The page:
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The Feast of the Holy Family

Sunday, December 30, 2012
The Feast of the Holy Family is on the Sunday between Christmas and the Feast of Holy Mary, Mother of God (1st January). It is an important feast, not only because of the role it played in our redemption but also the fact that it is still the model of a Christian family, even today.

Ten years ago, Blessed Pope John Paul II expressed his wishes for today’s families to have ‘the peace, harmony and love of the house in Nazareth.’ It is not to mean that the Holy family did not experience problems. Already before Joseph and Mary were together she became pregnant and Joseph was in great confusion and wanted to divorce her quietly until he had a dream and the angel of the Lord invited him to take her in his house. When the child was about to be born, the family could not find a room in the entire village of Bethlehem. When Jesus was presented in the Temple, the prophet Simeon told Mary that her heart would be pierced by a sword. Later, when Herod heard that a child was born to become King, he tried to kill him and the family had to go to Egypt. When Jesus was twelve years old, the parents lost him in the Temple of Jerusalem. It is highly probable that Joseph’s business had some financial problems as it is the case for poor families in occupied territories where the conquered people have to pay taxes to the occupier. Pope John Paul II said that those qualities of the Holy families (despite the hardships they went through) would help today’s families ‘overcome trials and difficulties [they] encounter on [their] way’.

Among other current issues dealt by Church authorities, family issues have taken an important place. The Holy Family of Nazareth is the ideal of a Christian family even though we all recognise the fact that many families do not look much like the Holy Family and are still good families. The United Kingdom is also very much affected by the family breakdown. Many children are raised by a single mother, a single father or in other kinds of households where the traditional setting ‘father-mother-children’ does not obviously appear. Today, several children have had more than two fathers or mothers by the time they leave the family house for studies, jobs or other commitments. Most of the time those children become very decent, responsible members of the society. However, they often have to go through extra pains while growing up. It may also destroy their future completely.

The Holy Family still inspires indeed. It went through many problems that have always been experienced by families: homelessness, poverty, doubt, confusion, persecution, exile, occupation of their land by a foreign army, heavy laws imposed by corrupted leaders, etc.  The fact that it kept its dignity and became the ideal family for all Christians depended on the harmonious relationship and love between Joseph to Mary and Jesus.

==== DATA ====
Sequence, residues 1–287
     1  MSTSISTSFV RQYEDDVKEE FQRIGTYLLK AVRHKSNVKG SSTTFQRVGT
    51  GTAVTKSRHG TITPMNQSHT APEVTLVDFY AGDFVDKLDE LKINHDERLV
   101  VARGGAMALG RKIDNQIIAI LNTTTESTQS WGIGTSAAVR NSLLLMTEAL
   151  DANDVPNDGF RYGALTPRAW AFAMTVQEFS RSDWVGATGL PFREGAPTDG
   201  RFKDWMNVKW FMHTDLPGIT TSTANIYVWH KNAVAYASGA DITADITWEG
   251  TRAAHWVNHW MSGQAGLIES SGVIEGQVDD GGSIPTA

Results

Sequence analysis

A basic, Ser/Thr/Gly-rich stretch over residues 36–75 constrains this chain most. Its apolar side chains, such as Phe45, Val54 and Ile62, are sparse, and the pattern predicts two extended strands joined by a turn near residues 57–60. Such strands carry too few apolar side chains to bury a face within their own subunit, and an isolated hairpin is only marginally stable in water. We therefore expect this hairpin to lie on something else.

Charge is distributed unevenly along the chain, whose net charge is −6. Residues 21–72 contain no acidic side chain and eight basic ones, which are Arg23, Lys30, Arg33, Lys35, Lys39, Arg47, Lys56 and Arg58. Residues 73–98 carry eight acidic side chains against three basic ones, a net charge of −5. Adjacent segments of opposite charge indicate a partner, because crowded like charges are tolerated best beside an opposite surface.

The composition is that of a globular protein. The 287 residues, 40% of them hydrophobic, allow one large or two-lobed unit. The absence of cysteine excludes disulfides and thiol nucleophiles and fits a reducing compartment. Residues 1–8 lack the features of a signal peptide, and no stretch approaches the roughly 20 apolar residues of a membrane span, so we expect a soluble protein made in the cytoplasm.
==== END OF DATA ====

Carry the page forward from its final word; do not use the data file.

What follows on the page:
Just as prayed Blessed John Paul II in 2002, ‘let us entrust to the Holy Family of Nazareth the families of the whole world, especially those that have been most harshly tried by suffering or are in difficulty’.
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Lord of lords and King of kings – enthroned in a manger!

Tuesday, December 25, 2012
Luke 2:1- 20. Read more

Tomorrow You Shall See the Glory of the Lord

Monday, December 24, 2012

Fourth Sunday of Advent: Recognition and Rejoicing

Sunday, December 23, 2012
After a few lines of introduction Luke kicks off his Gospel with two Annunciations: in the first the angel Gabriel comes to Zechariah the priest while he is serving in the temple and tells him that his now elderly wife Elizabeth will finally conceive the child that she has longed for. This child is to be named John (Luke 1:13) and he shall make ready for the Lord a people prepared (Luke 1:17). Zechariah expresses surprise and so Gabriel declares that Zechariah will be struck dumb for his lack of belief. This invites us to contrast this first annunciation with the second which immediately follows it. This time Gabriel comes to Our Lady and greets her: ‘Hail, full of grace’ (Luke 1:28). He goes on to tell her that she will conceive a son who is to be named Jesus (Luke 1:31), and that he will be Son of the Most High and rule over the house of Jacob for ever (Luke 1:32-3). Mary, like Zechariah, is surprised and asks "How shall this be, since I have no husband?" (Luke 1: 34). Yet Mary is not struck dumb. Instead the respectful and even reverential Gabriel explains that the Holy Spirit will ‘overshadow’ Mary and ‘therefore the child to be born will be called Holy, the Son of God’ (Luke 1:35). Gabriel then drops Mary a heavy hint: Elizabeth, who had been called barren, had herself conceived (Luke 1:24. 1:36). Read more

News from around the Province

Sunday, December 23, 2012
Friars Preachers Read more

The Pope's First Tweet and the End of the World

Saturday, December 22, 2012
still Read more

A Virgin will Conceive ...

Thursday, December 20, 2012
Isa 7:10-14; Ps 24:1-6; Lk 1:26-38. Also Mt 1:18-25. Read more

19 December: O Radix Jesse

Wednesday, December 19, 2012

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Advent: Who is this man?

Tuesday, December 18, 2012

"That is a true friend" - Fr Denis Geraghty OP (1929-2012)

Tuesday, December 18, 2012
Fr Allan White OP, formerly Prior Provincial of the English Province and currently Senior Chaplain at New York University, preached the following homily at the funeral of Fr Denis, which took place at St Dominic’s, London, on 5th November 2012: Read more
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